Dr. Rivkah Lambert Adler explored these questions recently in an article for Breaking Israel News.  Her article, “Has an Ancient Biblical Status for Non-Jews Reemerged after 2500 Years?”, presents the biblical concept of ger, (גָּר, Strong’s H1616), or foreigner, as a possible status for Torah-keeping non-Jews.  Dr. Adler and I have shared some correspondence on this question, and hopefully will be able to continue that conversation in a point-counterpoint discussion.  Here is my initial offering.

According to Strong’s Concordance, a ger is a “sojourner; a temporary inhabitant, a newcomer lacking inherited rights; of foreigners in Israel, though conceded rights”.  The implication is that such people are not Israelites, not Hebrews, and not members of the nation or commonwealth of Israel. 

This is where we run into several issues.  The easy path is to argue these points, but that is not necessarily the wisest path.  What we all need is the path of wisdom and reconciliation, and that is what I hope to investigate.

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Israel 2016: In Search of Hebrew Roots Judaism

General Douglas MacArthur wades ashore on Leyte, Philippine Islands, in October 1944 to keep his promised, "I shall return".

General Douglas MacArthur wades ashore on Leyte, Philippine Islands, in October 1944 to keep his promised, “I shall return”.

There is a joke from World War II that no longer makes sense without some explanation.  It is said that a foreign student at an American university wrote an essay about General Douglas MacArthur.  In the early months of 1942, as MacArthur presided over a doomed defense of the Philippine Islands, he was ordered to leave his command and go to Australia, there to organize the multinational Allied force that would halt Japanese expansion in the South Pacific.  At his departure, MacArthur reportedly promised the people of the Philippines and his Filipino and American troops that he would one day come back with an army to liberate them – which he did two years later.  On that momentous day in 1942, though, all he could do was promise, “I shall return.”

Those were inspiring words to Americans about to lose their forward bases and their largest military force in the Far East, and who could not bear to lose with them one of the most senior officers of their Army.  MacArthur’s words inspired this young foreign student as well.  However, his knowledge of English being imperfect, he conducted his research in his native tongue, and therefore committed an unfortunate faux pas when he presented his paper.  Standing proudly in front of his peers, the young man said, “I write about Douglas MacArthur, who said those famous words, ‘I’ll be right back!’”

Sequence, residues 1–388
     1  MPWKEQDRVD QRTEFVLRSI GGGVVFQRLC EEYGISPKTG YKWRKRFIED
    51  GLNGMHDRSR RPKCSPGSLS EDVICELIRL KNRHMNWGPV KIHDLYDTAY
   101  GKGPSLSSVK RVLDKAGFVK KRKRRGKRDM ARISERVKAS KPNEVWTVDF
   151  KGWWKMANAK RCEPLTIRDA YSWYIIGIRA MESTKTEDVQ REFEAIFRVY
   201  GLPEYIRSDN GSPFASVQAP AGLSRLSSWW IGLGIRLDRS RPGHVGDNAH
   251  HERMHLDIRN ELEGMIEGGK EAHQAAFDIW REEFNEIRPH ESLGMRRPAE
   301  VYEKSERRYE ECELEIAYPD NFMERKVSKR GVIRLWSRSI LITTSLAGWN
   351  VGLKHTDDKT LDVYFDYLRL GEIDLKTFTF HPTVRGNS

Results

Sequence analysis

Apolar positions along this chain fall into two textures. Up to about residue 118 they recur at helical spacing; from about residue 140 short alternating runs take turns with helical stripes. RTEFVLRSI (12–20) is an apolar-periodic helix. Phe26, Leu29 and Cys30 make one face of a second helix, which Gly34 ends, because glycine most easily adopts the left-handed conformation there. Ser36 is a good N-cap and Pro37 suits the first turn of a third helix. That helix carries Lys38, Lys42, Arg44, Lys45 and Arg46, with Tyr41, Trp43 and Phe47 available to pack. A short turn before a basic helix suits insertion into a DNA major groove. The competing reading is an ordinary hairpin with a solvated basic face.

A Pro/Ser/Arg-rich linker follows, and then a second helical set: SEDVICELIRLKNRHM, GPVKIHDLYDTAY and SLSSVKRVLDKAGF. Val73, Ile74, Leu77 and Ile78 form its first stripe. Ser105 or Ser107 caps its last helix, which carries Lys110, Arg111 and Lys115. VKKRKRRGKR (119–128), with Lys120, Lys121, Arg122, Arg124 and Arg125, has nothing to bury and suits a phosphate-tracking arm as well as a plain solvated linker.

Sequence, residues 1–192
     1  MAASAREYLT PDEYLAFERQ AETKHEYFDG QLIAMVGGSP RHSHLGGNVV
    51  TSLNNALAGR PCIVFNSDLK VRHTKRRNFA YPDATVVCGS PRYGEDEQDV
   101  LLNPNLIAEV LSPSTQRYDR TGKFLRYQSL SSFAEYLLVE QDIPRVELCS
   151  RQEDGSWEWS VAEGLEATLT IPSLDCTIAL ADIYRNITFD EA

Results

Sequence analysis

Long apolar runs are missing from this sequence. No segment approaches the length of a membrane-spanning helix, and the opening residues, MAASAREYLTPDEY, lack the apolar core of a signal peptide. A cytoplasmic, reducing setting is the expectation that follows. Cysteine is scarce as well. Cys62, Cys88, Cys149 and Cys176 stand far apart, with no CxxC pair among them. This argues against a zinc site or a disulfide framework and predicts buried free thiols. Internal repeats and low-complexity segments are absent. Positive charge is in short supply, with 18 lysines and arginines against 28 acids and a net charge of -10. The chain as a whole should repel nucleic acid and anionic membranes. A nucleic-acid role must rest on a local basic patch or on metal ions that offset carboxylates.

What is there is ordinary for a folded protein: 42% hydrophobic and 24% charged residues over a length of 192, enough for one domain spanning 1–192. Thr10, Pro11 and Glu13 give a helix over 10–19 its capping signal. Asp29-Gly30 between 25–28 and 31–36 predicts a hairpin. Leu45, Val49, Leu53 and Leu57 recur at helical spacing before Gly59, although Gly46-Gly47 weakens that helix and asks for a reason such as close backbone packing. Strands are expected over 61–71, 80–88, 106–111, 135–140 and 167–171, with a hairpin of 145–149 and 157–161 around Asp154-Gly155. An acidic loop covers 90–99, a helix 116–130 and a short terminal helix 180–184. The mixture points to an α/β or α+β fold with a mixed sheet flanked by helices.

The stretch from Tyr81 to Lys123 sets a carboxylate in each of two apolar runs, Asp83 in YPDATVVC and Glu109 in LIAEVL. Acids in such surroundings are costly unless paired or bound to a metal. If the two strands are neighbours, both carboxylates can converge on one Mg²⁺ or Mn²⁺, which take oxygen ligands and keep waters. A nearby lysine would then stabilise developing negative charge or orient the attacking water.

What is the proper response in such a situation?  If there is no offense, then laughter erupts.  However, if the hearers take offense, then they respond in anger.

It may be that neither is the proper response.  If the one who made the error is trying to communicate in good faith, then the audience should give grace, seek to understand the true message, and help the author overcome the error.  That is the point behind King Solomon’s wise words:

Hatred stirs up strife, but love covers all sins.  (Proverbs 10:12 NKJV; see also Proverbs 17:9)

Solomon’s observation is rooted in a Torah principle:

You shall not curse the deaf, nor put a stumbling block before the blind, but shall fear your God:  I am the Lord.  (Leviticus 19:14 NKJV)

Jewish sages understand that this principle refers not only to the physically deaf and blind, but also to people who cannot hear or see things clearly.  Perhaps they are not present when something is said, or perhaps they do not have the language or experience to grasp the intricacies of a subject under discussion.  Consider, for example, a man who is brilliant in his native language, but struggles to order a cup of coffee in English, and is laughed to scorn by those who do not realize the importance of being kind to strangers (another Torah principle).

To be honest, Jews are strangers to me, and I am a stranger to Jews.  Although I identify as a Hebrew Roots follower of Messiah Yeshua, I have yet to grasp the intricacies of Judaism.  The more Jews I meet and get to know, the more I begin to understand, but always what I say and do is tempered with the fear that I may give offense in some way that I had never anticipated.